Newsweek has entered the podcast arena with the launch of a series titled "The Debate."
An extension of Newsweek’s opinion section, "The Debate," which features opposing thinkers debating hot issues in written format, the new series will present “intense, yet civil debate” audio debate.
The hosts are Newsweek Opinion Editor Josh Hammer and Deputy Opinion Editor Batya Ungar-Sargon. The pair are far apart on the political spectrum.
“Americans have not only come to align themselves within Red and Blue silos, imbibing differing opinions and narratives — but to see the world itself through prisms of competing facts,” states Hammer. “We at Newsweek's "The Debate" seek to remedy this tragic flaw by delving into the tough, thorny issues. We'll air it out and hear each other.”
“Many see those they disagree with on policy issues as mortal enemies, people unworthy of convincing. This is an absolute disaster for our nation, and one that only civil discourse and debate can fix,” adds Ungar-Sargon.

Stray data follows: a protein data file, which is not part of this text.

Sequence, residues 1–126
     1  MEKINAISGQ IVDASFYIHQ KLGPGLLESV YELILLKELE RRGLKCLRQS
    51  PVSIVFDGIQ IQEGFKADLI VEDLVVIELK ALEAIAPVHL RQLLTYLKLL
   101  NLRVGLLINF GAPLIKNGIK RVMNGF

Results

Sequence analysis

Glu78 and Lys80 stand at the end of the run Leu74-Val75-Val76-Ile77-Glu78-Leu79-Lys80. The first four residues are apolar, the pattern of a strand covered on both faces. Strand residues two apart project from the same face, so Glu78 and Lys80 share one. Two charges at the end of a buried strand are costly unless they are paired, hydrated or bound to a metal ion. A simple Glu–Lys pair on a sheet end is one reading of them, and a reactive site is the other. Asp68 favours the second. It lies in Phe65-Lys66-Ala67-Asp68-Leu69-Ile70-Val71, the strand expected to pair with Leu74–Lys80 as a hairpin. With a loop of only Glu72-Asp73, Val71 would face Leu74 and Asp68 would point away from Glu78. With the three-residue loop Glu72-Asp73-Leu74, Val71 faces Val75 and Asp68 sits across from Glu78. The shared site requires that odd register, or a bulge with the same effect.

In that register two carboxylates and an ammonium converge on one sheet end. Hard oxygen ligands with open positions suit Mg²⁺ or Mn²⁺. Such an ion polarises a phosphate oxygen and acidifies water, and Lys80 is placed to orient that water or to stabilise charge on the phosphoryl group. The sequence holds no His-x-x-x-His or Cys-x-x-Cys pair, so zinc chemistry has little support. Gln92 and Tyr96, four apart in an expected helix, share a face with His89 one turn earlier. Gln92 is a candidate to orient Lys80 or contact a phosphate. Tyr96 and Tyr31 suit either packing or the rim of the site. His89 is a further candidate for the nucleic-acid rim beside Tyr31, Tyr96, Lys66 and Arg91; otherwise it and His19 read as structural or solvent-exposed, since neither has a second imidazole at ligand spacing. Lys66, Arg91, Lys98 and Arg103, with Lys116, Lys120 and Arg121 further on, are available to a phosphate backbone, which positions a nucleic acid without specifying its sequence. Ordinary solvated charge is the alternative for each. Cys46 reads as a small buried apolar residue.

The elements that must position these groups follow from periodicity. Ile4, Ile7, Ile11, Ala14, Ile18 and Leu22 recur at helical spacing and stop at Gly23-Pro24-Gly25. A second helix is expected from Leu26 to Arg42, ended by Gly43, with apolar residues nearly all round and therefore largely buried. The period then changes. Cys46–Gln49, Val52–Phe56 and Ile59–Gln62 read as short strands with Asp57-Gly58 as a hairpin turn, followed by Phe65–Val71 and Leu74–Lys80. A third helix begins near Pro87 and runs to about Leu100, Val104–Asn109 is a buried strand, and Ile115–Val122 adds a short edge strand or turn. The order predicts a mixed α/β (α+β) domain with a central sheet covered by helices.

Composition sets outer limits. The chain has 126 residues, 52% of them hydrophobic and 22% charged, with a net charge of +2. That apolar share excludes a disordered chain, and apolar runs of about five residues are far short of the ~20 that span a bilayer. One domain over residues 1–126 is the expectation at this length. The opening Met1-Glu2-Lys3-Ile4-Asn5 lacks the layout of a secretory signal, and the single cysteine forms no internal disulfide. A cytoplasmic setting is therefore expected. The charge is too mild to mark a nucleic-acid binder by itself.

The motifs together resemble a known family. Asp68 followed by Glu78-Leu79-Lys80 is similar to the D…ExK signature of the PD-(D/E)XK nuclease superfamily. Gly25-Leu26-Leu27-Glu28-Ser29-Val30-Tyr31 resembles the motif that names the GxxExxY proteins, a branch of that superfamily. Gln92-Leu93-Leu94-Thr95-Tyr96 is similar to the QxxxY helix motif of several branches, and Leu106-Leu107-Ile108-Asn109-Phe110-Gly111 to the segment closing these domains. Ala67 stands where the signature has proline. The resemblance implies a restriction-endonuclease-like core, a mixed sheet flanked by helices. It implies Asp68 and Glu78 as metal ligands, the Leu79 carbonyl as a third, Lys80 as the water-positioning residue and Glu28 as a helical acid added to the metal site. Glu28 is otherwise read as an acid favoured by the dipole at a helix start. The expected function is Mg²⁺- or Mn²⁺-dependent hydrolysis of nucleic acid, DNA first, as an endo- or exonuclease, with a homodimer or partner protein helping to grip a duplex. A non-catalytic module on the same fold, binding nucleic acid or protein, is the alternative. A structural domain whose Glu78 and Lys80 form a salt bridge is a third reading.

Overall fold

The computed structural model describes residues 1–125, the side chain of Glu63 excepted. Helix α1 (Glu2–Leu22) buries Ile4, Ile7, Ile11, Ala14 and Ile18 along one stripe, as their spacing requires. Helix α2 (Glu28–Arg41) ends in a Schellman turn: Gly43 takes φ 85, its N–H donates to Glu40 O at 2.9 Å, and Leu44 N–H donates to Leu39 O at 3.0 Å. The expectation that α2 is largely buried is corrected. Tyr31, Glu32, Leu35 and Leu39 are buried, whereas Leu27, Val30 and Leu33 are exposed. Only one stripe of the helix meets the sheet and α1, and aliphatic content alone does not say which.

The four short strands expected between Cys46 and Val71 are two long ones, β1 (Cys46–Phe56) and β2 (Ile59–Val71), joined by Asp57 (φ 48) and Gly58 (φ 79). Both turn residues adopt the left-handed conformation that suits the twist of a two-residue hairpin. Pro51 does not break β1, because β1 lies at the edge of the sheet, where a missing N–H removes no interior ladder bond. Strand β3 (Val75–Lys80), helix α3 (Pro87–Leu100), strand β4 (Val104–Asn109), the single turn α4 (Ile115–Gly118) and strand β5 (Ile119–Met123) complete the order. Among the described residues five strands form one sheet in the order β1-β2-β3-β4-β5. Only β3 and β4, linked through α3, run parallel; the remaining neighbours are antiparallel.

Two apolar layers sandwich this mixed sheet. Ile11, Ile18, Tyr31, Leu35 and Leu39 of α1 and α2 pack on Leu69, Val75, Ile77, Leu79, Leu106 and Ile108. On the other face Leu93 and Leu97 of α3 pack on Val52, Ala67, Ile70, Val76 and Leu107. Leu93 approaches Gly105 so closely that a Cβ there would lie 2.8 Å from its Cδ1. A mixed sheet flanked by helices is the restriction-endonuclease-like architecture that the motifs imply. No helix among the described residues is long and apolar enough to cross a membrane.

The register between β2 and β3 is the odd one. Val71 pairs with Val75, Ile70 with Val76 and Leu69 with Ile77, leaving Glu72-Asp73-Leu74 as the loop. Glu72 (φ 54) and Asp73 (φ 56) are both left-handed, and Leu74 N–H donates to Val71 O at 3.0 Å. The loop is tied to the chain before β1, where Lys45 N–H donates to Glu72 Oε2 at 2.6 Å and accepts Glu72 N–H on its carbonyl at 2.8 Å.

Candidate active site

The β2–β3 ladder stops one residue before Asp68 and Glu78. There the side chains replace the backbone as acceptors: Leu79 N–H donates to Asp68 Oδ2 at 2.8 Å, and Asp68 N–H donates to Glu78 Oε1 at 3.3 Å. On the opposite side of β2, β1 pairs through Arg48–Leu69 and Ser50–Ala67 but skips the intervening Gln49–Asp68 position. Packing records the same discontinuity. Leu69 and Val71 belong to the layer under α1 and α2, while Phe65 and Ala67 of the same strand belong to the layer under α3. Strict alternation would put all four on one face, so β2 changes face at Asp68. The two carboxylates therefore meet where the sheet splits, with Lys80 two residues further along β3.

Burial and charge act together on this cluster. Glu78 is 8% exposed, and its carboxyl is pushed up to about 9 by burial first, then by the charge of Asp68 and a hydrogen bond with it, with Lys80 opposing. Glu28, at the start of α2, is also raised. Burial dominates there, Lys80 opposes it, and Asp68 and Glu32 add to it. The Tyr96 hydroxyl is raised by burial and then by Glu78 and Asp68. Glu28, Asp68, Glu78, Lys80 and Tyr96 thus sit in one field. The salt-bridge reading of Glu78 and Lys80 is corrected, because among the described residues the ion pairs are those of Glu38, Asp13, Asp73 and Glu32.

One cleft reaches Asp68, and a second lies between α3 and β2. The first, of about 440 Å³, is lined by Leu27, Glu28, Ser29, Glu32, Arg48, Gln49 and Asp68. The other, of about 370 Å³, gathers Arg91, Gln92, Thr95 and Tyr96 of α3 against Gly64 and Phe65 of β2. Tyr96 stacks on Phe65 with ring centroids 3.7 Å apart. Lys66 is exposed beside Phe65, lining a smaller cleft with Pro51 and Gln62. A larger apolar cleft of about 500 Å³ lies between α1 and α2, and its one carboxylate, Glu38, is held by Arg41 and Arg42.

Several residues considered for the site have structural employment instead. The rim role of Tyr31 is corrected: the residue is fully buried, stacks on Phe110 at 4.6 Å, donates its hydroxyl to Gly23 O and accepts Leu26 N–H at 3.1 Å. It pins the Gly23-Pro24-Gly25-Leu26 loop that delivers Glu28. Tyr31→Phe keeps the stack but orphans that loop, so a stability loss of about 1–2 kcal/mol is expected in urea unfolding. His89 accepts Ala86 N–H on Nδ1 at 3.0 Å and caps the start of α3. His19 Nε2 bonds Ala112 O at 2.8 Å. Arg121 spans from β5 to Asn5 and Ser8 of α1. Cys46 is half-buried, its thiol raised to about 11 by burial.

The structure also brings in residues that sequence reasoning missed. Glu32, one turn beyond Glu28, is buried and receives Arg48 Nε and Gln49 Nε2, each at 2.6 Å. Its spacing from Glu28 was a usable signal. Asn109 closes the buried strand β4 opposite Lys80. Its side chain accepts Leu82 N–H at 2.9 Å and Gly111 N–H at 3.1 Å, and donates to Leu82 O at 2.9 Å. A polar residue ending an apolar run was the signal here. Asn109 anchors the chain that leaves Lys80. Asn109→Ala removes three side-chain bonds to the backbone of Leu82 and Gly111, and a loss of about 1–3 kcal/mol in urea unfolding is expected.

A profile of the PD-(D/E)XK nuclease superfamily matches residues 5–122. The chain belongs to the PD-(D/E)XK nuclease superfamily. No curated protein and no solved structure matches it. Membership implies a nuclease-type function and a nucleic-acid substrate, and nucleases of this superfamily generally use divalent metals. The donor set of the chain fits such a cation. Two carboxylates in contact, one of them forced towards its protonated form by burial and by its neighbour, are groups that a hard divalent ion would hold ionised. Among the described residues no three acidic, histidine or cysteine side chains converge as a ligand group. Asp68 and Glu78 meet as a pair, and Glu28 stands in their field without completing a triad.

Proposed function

The 85-year-old magazine presented experimental weekly episodes starting in April, covering topics such as reparations in the U.S., Israel vs. Palestinians, the legalization of marijuana and cancel culture.
The first “rollout” episode, available today, tackles sexual mores in the post #MeToo era and the potentially murky distinction between flirting and harassment.
Debating these topics are Jill Filipovic, author of “OK Boomer, Let’s Talk: How My Generation Got Left Behind” and “The H-Spot: The Feminist Pursuit of Happiness,” and culture writer Kat Rosenfield, co-host of the "Feminine Chaos" podcast.
The show has also established partnerships with two public debate forums: American Public Square and Pairagraph. This will enable the podcast’s hosts to present audience-driven debates and engage prominent voices and engaged citizens from across the country.
Newsweek’s page views have jump 28%
between January–May 2020 and the same period this year. There was a 20% rise in new users for the opinion section and a 47% spike in page views Q1 2019 to Q1 2020.
“Formidable problems don’t call for one-sided debate. Newsweek’s audience has confirmed that ideas and ideals from both sides make for engaging dialogue that can educate and illuminate, putting us all in a better position to address the challenges at hand,” states Dev Pragad, CEO, Newsweek.